The Translational Cancer Immunotherapy Laboratory studies the interaction between the immune response and tumour control, with a particular emphasis on translating our ever-expanding basic science knowledge into clinically applicable therapeutic platforms. It has particular interest and expertise in bone marrow transplantation and cell and gene therapy, and is currently one of only a few centres in Australia that are conducting investigator-driven clinical trials using gene-modified T cells. In addition to developing new approaches to target cancer cells, the laboratory is also developing a method to expand donor-derived regulatory T cells to treat graft-versus-host disease, which is a common and life-threatening immune-driven complication of bone marrow transplantation. Using state-of-the-art technology, including gene-marking and single cell transcriptomics, immune reconstitution following bone marrow transplantation can be understood. Basic science research is focussed on the impact of cytomegalovirus reactivation on graft-versus-leukaemia effect. Cytomegalovirus is a common virus that is typically acquired during childhood; it has a marked influence on the immune landscape and, interestingly, has been associated with improved graft-versus-leukaemia effect following bone marrow transplantation. Our laboratory has developed a murine model of cytomegalovirus reactivation to investigate the mechanistic underpinnings of this observation, which may lead to new ways to enhance anti-leukaemic immunity.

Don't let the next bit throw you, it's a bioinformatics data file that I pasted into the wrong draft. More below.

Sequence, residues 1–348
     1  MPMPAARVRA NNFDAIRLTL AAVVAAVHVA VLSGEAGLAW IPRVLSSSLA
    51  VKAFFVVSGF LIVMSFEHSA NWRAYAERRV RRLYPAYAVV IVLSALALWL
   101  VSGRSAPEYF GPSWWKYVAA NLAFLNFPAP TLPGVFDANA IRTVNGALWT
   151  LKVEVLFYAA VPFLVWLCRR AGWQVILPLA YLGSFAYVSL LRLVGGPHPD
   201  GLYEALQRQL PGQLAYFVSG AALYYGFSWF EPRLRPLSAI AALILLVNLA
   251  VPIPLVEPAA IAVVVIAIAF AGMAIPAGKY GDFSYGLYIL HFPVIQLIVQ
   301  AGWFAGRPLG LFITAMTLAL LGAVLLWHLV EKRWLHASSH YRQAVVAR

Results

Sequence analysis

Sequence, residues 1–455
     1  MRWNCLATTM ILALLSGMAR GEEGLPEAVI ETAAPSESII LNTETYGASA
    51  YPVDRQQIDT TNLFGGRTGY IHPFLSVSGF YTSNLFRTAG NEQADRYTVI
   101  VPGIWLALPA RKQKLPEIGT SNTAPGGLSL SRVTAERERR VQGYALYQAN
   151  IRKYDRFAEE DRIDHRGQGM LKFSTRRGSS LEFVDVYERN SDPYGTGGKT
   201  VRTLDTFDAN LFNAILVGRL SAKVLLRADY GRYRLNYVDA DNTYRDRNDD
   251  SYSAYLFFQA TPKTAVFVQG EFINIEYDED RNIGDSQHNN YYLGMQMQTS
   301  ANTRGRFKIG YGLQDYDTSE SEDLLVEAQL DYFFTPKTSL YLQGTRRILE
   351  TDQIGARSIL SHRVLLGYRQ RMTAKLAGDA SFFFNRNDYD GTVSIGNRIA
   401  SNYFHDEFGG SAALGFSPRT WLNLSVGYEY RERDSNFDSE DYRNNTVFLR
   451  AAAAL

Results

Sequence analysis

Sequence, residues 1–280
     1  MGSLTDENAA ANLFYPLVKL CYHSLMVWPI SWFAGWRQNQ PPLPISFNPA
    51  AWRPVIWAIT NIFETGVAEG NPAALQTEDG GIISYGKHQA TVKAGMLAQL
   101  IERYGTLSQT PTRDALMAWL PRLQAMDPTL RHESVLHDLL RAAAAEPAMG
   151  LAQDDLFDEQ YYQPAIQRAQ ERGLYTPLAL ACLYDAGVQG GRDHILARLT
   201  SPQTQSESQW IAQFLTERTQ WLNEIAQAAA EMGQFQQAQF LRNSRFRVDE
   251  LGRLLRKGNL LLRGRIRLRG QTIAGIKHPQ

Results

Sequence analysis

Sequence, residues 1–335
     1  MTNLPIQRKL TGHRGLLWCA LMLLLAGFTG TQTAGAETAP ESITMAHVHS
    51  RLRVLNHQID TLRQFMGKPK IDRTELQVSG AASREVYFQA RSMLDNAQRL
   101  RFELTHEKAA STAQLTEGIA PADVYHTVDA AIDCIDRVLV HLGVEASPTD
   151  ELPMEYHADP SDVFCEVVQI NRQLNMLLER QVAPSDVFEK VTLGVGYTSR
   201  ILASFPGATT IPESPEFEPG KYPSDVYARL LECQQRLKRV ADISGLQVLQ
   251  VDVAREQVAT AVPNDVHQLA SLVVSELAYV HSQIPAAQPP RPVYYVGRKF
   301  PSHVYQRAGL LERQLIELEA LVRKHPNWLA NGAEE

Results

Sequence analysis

The immune system can be effective in eliminating cancer cells and providing constant surveillance against cancer relapse. One of the earliest and most established form of cancer immunotherapy is bone marrow transplantation in which donor-derived immunity can be effective in treating otherwise incurable high-risk blood cancers. In the past decade, a number of new immunotherapeutic approaches have emerged but, whilst promising, significant challenges remain.
Team Head: Dr Siok Tey
- Dr Ping Zhang, Research Officer
- Alda Saldan, PhD student
- Raymond Au, Research Assistant
- Benjamin McEnroe, Honours Student
Selected Key Publications (Dr Tey’s full publication list can be viewed at her PubMed bibliography page):
- Epigenetic programming of T cells impacts immune reconstitution in hematopoietic stem cell transplant recipients.
Hardy K, Smith C, Tu WJ, McCuaig R, Panikkar A, Dasari V, Wu F, Tey SK, Hill GR, Khanna R, Rao S.
Blood Adv. 2018 Mar 27;2(6):656-668. doi: 10.1182/bloodadvances.2018015909.
- Eomesodermin promotes the development of type 1 regulatory T (T<sub>R</sub>1) cells.
Zhang P, Lee JS, Gartlan KH, Schuster IS, Comerford I, Varelias A, Ullah MA, Vuckovic S, Koyama M, Kuns RD, Locke KR, Beckett KJ, Olver SD, Samson LD, Montes de Oca M, de Labastida Rivera F, Clouston AD, Belz GT, Blazar BR, MacDonald KP, McColl SR, Thomas R, Engwerda CR, Degli-Esposti MA, Kallies A, Tey SK, Hill GR.
Sci Immunol. 2017 Apr 7;2(10). pii: eaah7152. doi: 10.1126/sciimmunol.aah7152.
- GVHD prevents NK-cell-dependent leukemia and virus-specific innate immunity.
Bunting MD, Varelias A, Souza-Fonseca-Guimaraes F, Schuster IS, Lineburg KE, Kuns RD, Fleming P, Locke KR, Huntington ND, Blazar BR, Lane SW, Tey SK, MacDonald KP, Smyth MJ, Degli-Esposti MA, Hill GR.
Blood. 2017 Feb 2;129(5):630-642. doi: 10.1182/blood-2016-08-734020. Epub 2016 Dec 7.
- Pharmacokinetics and immunological outcomes of alemtuzumab-based treatment for steroid-refractory acute GvHD.